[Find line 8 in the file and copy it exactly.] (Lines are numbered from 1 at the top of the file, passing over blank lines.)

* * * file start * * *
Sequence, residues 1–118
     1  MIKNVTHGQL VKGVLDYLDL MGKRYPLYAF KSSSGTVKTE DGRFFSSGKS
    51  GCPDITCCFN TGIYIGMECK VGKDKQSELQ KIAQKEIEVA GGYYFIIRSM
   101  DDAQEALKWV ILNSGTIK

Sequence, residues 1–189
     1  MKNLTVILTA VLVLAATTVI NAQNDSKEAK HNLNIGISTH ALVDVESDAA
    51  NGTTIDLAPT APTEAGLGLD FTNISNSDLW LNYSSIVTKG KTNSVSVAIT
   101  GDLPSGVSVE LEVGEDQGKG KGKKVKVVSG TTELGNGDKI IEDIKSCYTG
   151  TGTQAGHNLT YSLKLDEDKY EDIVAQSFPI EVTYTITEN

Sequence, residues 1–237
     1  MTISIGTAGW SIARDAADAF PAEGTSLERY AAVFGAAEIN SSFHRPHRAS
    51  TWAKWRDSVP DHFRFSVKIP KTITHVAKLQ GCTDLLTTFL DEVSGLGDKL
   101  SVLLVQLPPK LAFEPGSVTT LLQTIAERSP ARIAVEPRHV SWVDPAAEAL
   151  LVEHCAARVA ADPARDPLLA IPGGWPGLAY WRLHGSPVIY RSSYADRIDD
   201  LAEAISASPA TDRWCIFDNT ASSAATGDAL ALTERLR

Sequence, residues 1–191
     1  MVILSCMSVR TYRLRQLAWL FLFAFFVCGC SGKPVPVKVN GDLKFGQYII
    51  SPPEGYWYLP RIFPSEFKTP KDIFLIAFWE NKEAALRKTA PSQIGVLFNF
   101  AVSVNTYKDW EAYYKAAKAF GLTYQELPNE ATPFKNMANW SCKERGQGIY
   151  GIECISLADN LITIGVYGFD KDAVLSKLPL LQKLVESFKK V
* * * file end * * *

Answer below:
   101  GDLPSGVSVE LEVGEDQGKG KGKKVKVVSG TTELGNGDKI IEDIKSCYTG